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Visa Bulletin - Toolbox

Current and Upcoming Visa Bulletins

November 2019 Visa Bulletin December 2019 Visa Bulletin

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Understanding Visa Bulletins

Visa bulletin is a monthly publication updated by the Department of State that controls the availability of immigrant visa numbers. It contains important information related to U.S. immigration. More specifically, the visa bulletin establishes cut-off dates for all employment-based and family-sponsored categories which are experiencing a shortage of visa numbers. Only applicants whose priority date is earlier than the cut-off date may apply for an immigrant visa or adjustment of status to become a permanent resident (receive a green card).

How Visa Bulletin Works

A visa bulletin may appear simple, with just a few tables on the page. But what goes inside the visa bulletin is actually a very complicated process. Read on to see how visa bulletin works, including the concept of visa number "spill-over" which has been critical for employment-based immigration in recent years. You may also be interested in this easy-to-understand flow chart showing how cut-off dates are established each month by the Department of State's Visa Office.

How Annual Limits are Set

Preference based immigration system sets an annual cap for the number of immigrants allowed each year, which ultimately determines the visa bulletin. However, the annual limits are not simple numbers; they are rather calculated based on complex formula set by various immigration laws. Here you will find a detailed explanation of how annual numerical limits and caps are established, for both employment-based and family sponsored categories, as well as green card lottery (diversity visa). You may also be interested in knowing how many green cards are actually issued per year, per preference category.

Visa Bulletin Trends

Visa retrogression is frankly the number one reason why most people are interested in visa bulletins. Unfortunately it has been quite severe for most EB2 and EB3 categories, and all family-based preferences. The retrogression tracker is an interactive chart that demonstrates the problem for EB-2 and EB-3, by displaying the wait time between cutoff dates and visa bulletin release dates for the past five years.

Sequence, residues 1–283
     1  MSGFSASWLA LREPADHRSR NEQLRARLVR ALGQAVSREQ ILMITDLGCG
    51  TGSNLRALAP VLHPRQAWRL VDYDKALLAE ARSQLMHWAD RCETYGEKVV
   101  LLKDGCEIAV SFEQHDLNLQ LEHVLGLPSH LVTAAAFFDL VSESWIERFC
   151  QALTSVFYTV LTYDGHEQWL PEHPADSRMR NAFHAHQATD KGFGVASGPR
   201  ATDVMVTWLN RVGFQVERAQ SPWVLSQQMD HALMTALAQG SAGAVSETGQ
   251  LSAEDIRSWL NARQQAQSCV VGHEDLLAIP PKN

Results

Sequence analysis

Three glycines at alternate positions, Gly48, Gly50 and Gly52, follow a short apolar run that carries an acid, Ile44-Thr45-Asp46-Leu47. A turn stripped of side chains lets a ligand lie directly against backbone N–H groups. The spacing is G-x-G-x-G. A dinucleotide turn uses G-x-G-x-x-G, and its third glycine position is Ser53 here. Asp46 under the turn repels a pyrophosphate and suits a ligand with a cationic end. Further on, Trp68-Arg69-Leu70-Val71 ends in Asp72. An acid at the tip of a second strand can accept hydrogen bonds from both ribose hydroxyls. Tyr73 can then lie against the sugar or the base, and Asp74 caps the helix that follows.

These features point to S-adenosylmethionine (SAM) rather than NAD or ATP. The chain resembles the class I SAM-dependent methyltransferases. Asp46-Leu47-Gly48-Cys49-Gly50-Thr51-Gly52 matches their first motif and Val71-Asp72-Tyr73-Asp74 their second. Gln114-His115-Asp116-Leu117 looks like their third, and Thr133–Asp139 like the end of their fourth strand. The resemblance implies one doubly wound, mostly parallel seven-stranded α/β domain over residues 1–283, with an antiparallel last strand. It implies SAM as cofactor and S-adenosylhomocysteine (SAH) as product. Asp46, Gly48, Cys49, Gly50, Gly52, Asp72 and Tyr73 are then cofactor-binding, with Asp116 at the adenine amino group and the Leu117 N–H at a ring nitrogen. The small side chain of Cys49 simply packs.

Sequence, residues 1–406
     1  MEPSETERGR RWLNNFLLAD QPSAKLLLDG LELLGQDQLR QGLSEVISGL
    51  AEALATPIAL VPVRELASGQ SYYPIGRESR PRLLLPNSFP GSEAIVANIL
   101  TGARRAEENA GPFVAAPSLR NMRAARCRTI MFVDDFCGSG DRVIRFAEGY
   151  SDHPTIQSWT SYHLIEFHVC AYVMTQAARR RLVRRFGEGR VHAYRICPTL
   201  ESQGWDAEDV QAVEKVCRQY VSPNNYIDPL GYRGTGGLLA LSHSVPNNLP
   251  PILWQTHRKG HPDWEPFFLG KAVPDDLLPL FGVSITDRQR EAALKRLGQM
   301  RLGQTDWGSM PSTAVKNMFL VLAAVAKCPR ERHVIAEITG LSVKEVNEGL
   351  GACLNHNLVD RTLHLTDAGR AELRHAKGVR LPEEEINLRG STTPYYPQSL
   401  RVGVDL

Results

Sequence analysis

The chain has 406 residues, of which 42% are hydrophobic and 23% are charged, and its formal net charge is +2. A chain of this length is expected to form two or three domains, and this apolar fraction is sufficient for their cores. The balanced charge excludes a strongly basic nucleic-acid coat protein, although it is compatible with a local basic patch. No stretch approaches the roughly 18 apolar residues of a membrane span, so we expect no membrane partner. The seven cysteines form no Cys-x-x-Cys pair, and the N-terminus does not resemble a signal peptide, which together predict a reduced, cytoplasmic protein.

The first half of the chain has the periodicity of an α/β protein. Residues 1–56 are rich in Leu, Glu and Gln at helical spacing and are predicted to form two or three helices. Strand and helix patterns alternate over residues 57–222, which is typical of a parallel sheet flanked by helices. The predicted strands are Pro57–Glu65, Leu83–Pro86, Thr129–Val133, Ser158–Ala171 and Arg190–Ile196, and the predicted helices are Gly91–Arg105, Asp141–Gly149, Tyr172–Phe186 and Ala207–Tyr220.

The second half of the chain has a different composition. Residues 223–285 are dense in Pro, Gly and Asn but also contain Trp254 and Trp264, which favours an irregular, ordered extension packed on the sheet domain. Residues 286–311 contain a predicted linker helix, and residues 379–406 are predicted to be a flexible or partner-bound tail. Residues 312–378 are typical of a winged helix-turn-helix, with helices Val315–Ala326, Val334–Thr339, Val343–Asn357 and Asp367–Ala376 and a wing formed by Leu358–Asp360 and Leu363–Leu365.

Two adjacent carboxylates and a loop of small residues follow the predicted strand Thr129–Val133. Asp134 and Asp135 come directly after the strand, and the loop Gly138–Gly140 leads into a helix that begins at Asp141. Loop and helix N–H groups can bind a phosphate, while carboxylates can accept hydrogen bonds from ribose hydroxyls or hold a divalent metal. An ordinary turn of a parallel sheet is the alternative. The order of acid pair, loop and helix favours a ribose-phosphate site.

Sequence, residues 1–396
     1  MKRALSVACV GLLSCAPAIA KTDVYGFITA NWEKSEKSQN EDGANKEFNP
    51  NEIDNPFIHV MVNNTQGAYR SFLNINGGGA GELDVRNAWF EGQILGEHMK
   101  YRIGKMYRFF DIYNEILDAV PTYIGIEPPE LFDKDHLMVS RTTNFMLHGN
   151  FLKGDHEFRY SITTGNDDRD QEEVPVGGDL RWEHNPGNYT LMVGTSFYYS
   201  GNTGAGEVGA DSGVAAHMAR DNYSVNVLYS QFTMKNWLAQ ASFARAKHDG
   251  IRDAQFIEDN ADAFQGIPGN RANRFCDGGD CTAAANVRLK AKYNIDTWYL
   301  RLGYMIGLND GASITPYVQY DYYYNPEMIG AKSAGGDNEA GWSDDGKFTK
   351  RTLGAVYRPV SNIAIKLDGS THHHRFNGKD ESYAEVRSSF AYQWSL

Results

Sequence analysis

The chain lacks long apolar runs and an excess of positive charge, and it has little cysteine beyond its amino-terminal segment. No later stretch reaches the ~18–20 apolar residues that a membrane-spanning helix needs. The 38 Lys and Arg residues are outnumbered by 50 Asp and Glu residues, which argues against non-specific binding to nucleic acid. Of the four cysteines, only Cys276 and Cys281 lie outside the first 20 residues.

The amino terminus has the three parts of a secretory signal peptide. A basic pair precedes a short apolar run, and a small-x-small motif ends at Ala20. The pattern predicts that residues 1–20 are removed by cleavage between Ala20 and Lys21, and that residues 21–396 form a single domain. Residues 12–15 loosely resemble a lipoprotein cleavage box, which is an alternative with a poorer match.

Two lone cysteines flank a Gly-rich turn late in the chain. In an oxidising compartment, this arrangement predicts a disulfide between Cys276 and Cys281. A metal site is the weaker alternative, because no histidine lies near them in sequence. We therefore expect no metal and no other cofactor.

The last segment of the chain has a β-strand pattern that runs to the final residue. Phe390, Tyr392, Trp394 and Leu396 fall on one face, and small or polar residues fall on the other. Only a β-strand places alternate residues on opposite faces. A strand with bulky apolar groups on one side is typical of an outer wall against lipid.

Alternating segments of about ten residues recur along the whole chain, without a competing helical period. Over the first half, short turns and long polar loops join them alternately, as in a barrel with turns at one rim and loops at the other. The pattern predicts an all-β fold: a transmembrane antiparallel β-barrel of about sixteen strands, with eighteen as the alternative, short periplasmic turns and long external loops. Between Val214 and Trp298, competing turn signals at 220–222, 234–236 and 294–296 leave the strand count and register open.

Visa Bulletin Predictions

Click here to see the Department of State predictions on future visa cutoff date movement. Occasionally we will also discuss visa bulletin predictions on our blog.

Visa Bulletin Q&A

What date is visa bulletin released?

The Department of State usually releases new visa bulletin two to three weeks ahead. For example, July Visa Bulletin is most likely published between June 10th and 15th. However, this is not a written rule and the Visa Office may release a new visa bulletin as early as the 8th, or as late as the 18th. There's no way to know exactly when, so we highly recommend that you sign up for our Visa Bulletin Alert - it's free and only requires your email address.

What does current mean in visa bulletin?

In the visa bulletin, "current" means there is no backlog. If you're in a category designated as "Current," it means you don't have to wait.

  • Filing Date is Current: You can file an immigrant petition right away, for example, submit Form I-485 to adjust your status.
  • Final Action Date is Current: Your pending green card application is eligible for approval.

If your preference category is subject to retrogression, but your priority date is prior to the cutoff date, this is also considered "current." In this case, your category is still backlogged, but your own priority date has become current.

What is final action date?

Final Action Date is a cutoff date set in the visa bulletin that controls visa number available. If your priority date is before the Final Action Date, your pending application is ready for approval.

Can I check my NVC Case Status Online?

Yes, if you already have a case number, you can check the status at the Department of State website here.

Note: If USCIS has not sent your immigration petition to the National Visa Center (NVC), you can only check the status with USCIS.


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